Menachem Miodovnik, Dennis D Wallace, Sarah Saleem, Nancy F Krebs, Archana Patel, Sangappa Dhaded, Robert L Goldenberg, Janet L Moore, Antoinette Tshefu, Omrana Pasha, Constance Tenge, Elwyn Chomba, Melissa Bauserman, Adrien Lokangaka, Elizabeth M McClure, Patricia L Hibberd, Shiyam Sunder, Richard J Derman, Shivaprasad Goudar, Fabian Esamai, Bhalachandra S Kodkany, Waldemar A Carlo, Ana L Garces, Marion Koso-Thomas, Edward A Liechty, K Michael Hambidge, Lester Figueroa, Carl L Bose, Musaku Mwenechanya
To describe the causes of maternal death in a population-based cohort in six low and middle-income countries using a standardized, hierarchical, algorithmic cause of death (COD) methodology.
A population-based, prospective observational study.
Seven sites in six low-middle income countries including the Democratic Republic of the Congo (DRC), Guatemala, India (2), Kenya, Pakistan and Zambia.
All deaths amongst pregnant women resident in the study sites from 2014 to December 2016.
For women who died, we used a standardized questionnaire to collect clinical data regarding maternal conditions present during pregnancy and delivery. These data were analyzed using a computer-based algorithm to assign cause of maternal death based on the International Classification of Disease - Maternal Mortality system (trauma, abortion-related, eclampsia, hemorrhage, pregnancy-related infection and medical conditions). We also compared the COD results to health care provider assigned maternal COD.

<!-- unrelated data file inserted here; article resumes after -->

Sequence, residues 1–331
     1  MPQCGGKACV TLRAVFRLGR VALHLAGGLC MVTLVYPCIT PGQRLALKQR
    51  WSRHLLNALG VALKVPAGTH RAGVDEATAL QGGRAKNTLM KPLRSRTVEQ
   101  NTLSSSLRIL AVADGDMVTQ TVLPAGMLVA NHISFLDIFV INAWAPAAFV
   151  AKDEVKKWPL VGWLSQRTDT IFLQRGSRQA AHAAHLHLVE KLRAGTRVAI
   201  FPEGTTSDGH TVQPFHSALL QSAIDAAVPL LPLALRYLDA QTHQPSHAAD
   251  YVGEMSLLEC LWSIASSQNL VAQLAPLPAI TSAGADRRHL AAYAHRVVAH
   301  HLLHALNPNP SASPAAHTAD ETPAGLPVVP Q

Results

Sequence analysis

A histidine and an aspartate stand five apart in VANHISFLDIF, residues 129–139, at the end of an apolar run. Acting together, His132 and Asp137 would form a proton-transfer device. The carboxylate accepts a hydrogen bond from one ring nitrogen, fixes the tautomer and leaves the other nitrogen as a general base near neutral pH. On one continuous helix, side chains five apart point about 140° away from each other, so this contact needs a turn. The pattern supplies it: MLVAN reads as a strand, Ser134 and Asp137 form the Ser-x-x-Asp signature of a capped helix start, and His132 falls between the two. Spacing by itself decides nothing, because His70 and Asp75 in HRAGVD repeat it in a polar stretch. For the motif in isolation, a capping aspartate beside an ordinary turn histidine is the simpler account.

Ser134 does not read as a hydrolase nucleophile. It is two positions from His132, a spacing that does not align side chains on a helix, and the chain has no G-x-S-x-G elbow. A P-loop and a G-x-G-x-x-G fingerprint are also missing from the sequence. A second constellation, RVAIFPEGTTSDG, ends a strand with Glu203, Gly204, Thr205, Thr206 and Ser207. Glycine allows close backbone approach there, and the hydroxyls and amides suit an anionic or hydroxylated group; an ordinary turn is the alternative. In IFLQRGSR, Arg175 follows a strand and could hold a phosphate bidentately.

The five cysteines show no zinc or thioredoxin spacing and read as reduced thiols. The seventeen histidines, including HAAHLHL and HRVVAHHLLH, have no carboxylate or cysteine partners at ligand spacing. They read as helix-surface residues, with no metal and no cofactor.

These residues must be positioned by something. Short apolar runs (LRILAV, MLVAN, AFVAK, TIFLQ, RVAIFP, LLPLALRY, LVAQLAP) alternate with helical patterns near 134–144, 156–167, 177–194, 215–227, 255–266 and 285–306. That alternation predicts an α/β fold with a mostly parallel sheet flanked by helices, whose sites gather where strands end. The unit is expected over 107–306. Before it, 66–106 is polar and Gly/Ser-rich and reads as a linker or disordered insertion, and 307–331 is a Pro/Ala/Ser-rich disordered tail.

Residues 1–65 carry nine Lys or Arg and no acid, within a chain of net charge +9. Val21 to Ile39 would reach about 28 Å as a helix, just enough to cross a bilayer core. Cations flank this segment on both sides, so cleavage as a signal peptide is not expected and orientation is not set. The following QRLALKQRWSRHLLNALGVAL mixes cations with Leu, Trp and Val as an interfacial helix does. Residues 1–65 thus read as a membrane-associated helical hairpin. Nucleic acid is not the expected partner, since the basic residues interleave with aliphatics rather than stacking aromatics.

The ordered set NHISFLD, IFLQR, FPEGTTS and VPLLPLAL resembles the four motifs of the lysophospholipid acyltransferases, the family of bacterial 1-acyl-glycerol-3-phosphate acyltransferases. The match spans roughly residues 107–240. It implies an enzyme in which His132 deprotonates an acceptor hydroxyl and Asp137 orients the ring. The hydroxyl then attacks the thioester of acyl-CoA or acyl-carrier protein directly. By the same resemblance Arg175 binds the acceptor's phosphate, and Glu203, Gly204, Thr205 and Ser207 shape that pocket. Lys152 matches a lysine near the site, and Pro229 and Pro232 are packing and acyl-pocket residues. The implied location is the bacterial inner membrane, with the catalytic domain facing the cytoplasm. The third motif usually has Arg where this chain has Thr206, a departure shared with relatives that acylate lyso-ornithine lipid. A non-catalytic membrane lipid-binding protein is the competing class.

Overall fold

Main Outcome Measures
Assigned causes of maternal mortality.
Amongst 158,205 women, there were 221 maternal deaths. The most common algorithm-assigned maternal COD were obstetric hemorrhage (38.6%), pregnancy-related infection (26.4%) and preeclampsia/eclampsia (18.2%). Agreement between algorithm-assigned COD and COD assigned by health care providers ranged from 75% for hemorrhage to 25% for medical causes coincident to pregnancy.
The major maternal COD in the Global Network sites were hemorrhage, pregnancy-related infection and preeclampsia/eclampsia. This system could allow public health programs in low and middle-income countries to generate transparent and comparable data for maternal COD across time or regions.
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